SECTION 1: Emotional and mental illness.
In dysfunctional families, children must learn to cope with unbearable situations or events, and often develop classical
symptoms in doing so. Therapists attempt to identify destructive behavior and emotions, and select suitable treatment options. In Section 1 below, we'll outline several common mental illnesses and respective therapies. Moving on to developmental psychology, the investigation of human evolution and enlightenment, Section 2 below focuses on systems of understanding, notably Tibetan Buddhism, Zen, Vedic Mythology, and the induction of trance states, whether via clinical hypnotherapy, hallucinogens, or African drumming and dance rituals.
is based on changing problematic behaviors, feelings, and thoughts by discovering their unconscious meanings and motivations. Psychoanalytically oriented therapies are characterized by a close working partnership between therapist and patient. Patients learn about themselves by exploring their interactions in the therapeutic relationship. While psychoanalysis is closely identified with Sigmund Freud, it has been extended and modified since his early formulations. Jungian therapy focuses on the collective unconscious, dream archetypes, and symbolic representation.
places emphasis on a specific problem and direct intervention. In brief therapy as outlined by Milton Erickson, the therapist treats clinical and
subjective conditions faster by precise observation, and temporary suspension of disbelief in the
patient to consider new perspectives. Rather than a prolonged analysis of historical causes, the primary
approach of brief therapy is to help the client to view the present from a more holistic context and to utilize more functional
understandings, not necessarily at a conscious level. By becoming more versatile in the present, successful clients will
undergo spontaneous changes. Brief therapy is highly strategic, exploratory, and solution-based rather than problem-oriented.
focuses on learning's role in developing both normal and abnormal behaviors. Ivan Pavlov made important contributions to behavior therapy by discovering classical conditioning, or associative learning. Desensitizing is classical conditioning in action. A therapist might help a client with a phobia through repeated exposure to whatever it is that causes anxiety. Operant conditioning relies on rewards and punishments to shape people's behavior.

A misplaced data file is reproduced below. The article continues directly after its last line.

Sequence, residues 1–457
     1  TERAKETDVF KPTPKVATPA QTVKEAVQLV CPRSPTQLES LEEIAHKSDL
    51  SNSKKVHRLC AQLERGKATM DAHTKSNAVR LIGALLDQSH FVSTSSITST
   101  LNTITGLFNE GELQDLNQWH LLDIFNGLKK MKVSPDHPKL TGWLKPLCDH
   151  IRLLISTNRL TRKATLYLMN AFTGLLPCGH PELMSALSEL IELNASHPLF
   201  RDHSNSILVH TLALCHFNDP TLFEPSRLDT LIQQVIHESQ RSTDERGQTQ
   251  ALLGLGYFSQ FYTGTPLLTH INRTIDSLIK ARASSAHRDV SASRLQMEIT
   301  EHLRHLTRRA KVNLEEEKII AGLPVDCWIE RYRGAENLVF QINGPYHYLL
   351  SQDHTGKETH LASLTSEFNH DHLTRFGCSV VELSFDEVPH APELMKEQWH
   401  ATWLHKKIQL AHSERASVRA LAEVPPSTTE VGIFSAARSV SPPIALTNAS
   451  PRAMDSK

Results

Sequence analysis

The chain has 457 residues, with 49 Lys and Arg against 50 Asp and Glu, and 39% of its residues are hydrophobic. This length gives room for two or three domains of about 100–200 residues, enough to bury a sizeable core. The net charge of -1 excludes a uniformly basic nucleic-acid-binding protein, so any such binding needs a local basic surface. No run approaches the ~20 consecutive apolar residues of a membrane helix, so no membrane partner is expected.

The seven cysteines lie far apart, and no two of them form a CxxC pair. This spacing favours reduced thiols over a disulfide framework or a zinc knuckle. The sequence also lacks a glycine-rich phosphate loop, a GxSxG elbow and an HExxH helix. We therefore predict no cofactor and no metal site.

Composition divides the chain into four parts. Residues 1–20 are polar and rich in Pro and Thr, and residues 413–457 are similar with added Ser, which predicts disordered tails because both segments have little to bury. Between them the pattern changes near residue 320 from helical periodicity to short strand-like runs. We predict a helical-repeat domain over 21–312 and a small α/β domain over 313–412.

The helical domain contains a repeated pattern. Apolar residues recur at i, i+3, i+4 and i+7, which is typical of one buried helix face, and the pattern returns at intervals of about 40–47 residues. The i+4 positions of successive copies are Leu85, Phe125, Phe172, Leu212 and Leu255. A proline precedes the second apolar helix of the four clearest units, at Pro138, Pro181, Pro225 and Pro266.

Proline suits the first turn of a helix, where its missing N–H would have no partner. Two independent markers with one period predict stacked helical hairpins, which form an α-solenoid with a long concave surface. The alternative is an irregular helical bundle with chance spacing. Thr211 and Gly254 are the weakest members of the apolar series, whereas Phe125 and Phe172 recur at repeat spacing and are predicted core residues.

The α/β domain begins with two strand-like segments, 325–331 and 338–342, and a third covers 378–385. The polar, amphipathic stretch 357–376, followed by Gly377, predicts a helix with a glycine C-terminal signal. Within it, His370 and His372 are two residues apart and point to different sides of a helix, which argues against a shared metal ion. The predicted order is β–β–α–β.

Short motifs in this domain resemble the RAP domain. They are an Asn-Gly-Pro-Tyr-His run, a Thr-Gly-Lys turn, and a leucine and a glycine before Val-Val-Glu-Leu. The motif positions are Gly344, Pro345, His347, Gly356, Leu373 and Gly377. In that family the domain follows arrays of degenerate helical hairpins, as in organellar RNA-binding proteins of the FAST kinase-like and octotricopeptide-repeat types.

is the branch of psychology that studies mental processes including problem solving, perception, memory, and learning. As part of the larger field of cognitive science, this branch of psychology is related to other disciplines including neuroscience, philosophy, and linguistics. Noam Chomsky criticized the behaviorists' notions of stimulus, response, and reinforcement. Psychologists make inferences about mental processes from shared phenomena. English neuroscientist Charles Sherrington and Canadian psychologist Donald O. Hebb used experimental methods to link psychological phenomena with the structure and function of the brain. With the rise of computer science and artificial intelligence, analogies were drawn between the processing of information by humans and by machines.
emphasizes people's capacity to make rational choices and develop to their maximum potential. Concern and respect for others are also important themes. Client-centered therapy rejects the idea of therapists as authorities on their clients' inner experiences. Instead, therapists help clients change by emphasizing their concern, care and interest. Gestalt therapy emphasizes what it calls "organismic holism," the importance of being aware of the here and now and accepting responsibility for yourself. Existential therapy focuses on free will, self-determination and the search for meaning.
is a form of psychotherapy where two or more clients work with one or more therapists or counselors. This methods is a popular format for support groups, where family members can learn from each others' experience and offer advice. This method is also more cost effective than individual psychotherapy, and sometimes more effective.
SECTION 2: The hero's journey, path of enlightenment.
Given available energy, and the sight to recognize that some paths have more merit or application than others, just choosing the
hero's journey is rare. More often are people saddled with inferior awareness, leading only to seek material comforts, well beyond
that level actually required for support, thus wasting the scant time available in a body. Somehow, you can't speak the truth
directly, neither will they hear, nor understand, for having looked upon the face of God, they would die. Thus, resorting to
allegory and myth, the speaker gently loosens their bindings.
Ego, Trance States, Development
Let's not get so involved with the world of sensual perception, materialism and making money, as to forget our search for meaning, creativity and love. First as children, and then later on again as parents, we have a busy schedule. There's not much spare time in a day to work on your inner self or search for meaning, after you throw in 8 - 10 hours of work, commuting, and just collapsing in front of the TV at night to unwind.